9-year-old plane stowaway's history: car theft, sneaking into water park

MINNEAPOLIS, Minn. - Before a 9-year-old boy stowed away on a flight from Minneapolis to Las Vegas last week, he had already stolen a car, sneaked into a water park without paying, and come under the scrutiny of child protection investigators, a Hennepin County, Minn, official wrote Monday.

In a one-page e-mail obtained by the Star Tribune, Janine Moore, area director of the county's Human Services and Public Health Department, told administrators and County Board members that since December 2012, county staff have conducted four child-protection assessments on the boy's family.

"The reports have been inconsistent and there have been no injuries to the child; however, there is a pattern of behavior," she wrote in the e-mail, marked "private data."

She didn't identify the boy, his family or where they live, but wrote that his mother works at the Minneapolis-St. Paul International Airport, so "there is also an investigation into whether she aided him flying to Las Vegas."

Last Thursday, the boy passed through security and airline checkpoints to board a flight to Nevada without a ticket or boarding pass. His story captured national attention because of his preternatural cunning in eluding detection at supposedly stringent checkpoints that require identification and boarding passes.

The day before the flight, the boy had conducted a detailed reconnaissance trip at the airport that involved taking a piece of luggage from a carousel, then ditching it at an airport restaurant after eating there without paying.

On Thursday, to pass through the Transportation Safety Administration (TSA) checkpoint for his flight, the boy reportedly blended in with a family with children.

READ | Boy flies from Minneapolis airport without ticket, boarding pass: http://bit.ly/GLZYWA

He was seen on surveillance video chatting with a Delta gate agent, then walking down the jetway when the agent was distracted. The Vegas-bound flight had empty seats, and attendants didn't realize what the boy had done until after takeoff, when his name wasn't on the flight manifest as an unaccompanied minor.

When the plane landed in Las Vegas, the boy was met by local police, taken into custody and put in a foster home, Moore wrote. The child became "violent" and was hospitalized, Moore wrote. Initially, hospital staff said he was "uncontrollable," but he eventually calmed down, she wrote.

She wrote that a hearing was planned in Las Vegas on Monday morning to authorize his return to Minnesota. Neither Las Vegas nor Hennepin County officials would comment on the status of the hearing or provide an update on his location.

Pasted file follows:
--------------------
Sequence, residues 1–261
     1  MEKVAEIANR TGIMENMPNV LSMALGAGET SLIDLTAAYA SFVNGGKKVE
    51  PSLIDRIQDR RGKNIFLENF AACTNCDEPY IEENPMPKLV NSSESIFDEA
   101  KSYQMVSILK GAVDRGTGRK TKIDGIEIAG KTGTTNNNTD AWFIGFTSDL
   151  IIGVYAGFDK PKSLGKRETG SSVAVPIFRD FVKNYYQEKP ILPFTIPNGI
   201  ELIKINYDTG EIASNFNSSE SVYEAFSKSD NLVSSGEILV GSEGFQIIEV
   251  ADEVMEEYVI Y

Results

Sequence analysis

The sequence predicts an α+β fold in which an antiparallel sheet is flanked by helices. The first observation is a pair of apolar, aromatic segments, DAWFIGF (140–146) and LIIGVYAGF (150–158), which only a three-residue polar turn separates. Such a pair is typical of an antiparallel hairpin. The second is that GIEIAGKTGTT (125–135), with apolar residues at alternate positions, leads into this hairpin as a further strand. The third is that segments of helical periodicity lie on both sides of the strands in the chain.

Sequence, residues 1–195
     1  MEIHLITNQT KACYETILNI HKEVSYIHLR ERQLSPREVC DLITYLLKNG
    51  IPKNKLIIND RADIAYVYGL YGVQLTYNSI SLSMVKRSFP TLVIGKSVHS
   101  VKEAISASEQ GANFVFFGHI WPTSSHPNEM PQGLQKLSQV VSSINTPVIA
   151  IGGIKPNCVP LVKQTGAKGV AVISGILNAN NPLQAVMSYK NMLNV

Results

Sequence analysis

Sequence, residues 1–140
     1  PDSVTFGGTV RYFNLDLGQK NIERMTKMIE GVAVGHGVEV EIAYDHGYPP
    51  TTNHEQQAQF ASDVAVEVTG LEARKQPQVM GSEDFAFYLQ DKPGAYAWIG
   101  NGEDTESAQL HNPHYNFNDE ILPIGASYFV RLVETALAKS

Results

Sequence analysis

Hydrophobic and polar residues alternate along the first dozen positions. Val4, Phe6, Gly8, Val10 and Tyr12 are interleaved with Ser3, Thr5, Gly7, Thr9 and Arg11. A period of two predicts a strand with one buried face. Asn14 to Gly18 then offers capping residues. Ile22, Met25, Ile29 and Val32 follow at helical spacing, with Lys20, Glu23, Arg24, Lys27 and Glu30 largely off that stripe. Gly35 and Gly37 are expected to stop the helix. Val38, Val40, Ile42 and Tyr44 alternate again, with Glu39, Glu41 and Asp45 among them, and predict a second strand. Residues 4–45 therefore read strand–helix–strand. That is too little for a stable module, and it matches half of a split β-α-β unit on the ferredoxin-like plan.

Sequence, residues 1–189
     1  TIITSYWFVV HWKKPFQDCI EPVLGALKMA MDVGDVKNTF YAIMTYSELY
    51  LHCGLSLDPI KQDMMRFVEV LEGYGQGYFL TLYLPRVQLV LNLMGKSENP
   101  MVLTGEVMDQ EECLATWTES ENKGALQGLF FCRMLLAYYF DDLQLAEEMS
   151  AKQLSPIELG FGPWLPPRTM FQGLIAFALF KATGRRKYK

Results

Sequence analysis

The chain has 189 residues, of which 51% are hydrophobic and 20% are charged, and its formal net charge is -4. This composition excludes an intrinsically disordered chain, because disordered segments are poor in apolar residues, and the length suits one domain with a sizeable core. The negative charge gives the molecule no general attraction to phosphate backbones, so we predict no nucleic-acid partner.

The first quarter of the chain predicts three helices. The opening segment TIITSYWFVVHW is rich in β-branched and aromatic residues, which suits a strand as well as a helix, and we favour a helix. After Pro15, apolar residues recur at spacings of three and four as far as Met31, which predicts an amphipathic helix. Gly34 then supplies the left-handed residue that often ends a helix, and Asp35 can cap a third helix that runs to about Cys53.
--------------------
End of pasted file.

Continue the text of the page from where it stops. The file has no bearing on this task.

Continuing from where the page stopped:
The boy is known to Hennepin County Human Services staff as a "challenging" child, Moore wrote. She said that two weeks ago, he stole a car and was arrested on "Highway 35." The e-mail didn't say whether the boy was driving or where he was arrested.

Reached by phone, Moore declined to comment further.

The boy also has a "history" of riding light rail to a Bloomington, Minn., water park, where he "waits until a large family is entering and joins them," she wrote. He has alleged that his mother held a knife to his throat, as well as that his mother was "stabbed and died."

Of county interactions with the child, Moore wrote, "Typically, staff can tell if a child is lying, but with this child, they are unsure what is going on. This is a two-parent home, and there is at least one other child."

Hennepin County Attorney Mike Freeman's child protection unit is reviewing the case, a spokesman said. Moore told county administrators that the boy's future could go two directions.

If he has been mistreated, his case would go to child protection, she wrote. That could mean removal from his home.

If the boy has a mental health issue, then the response could be a "behavioral health response," she wrote. Moore didn't detail what the behavioral options are.

Because of his age, the boy cannot be charged with a crime.

Follow reporters Rochelle Olson and Kelly Smith on Twitter: @rochelleolson and @kellystrib. Distributed by Scripps Howard News Service, www.shns.com.

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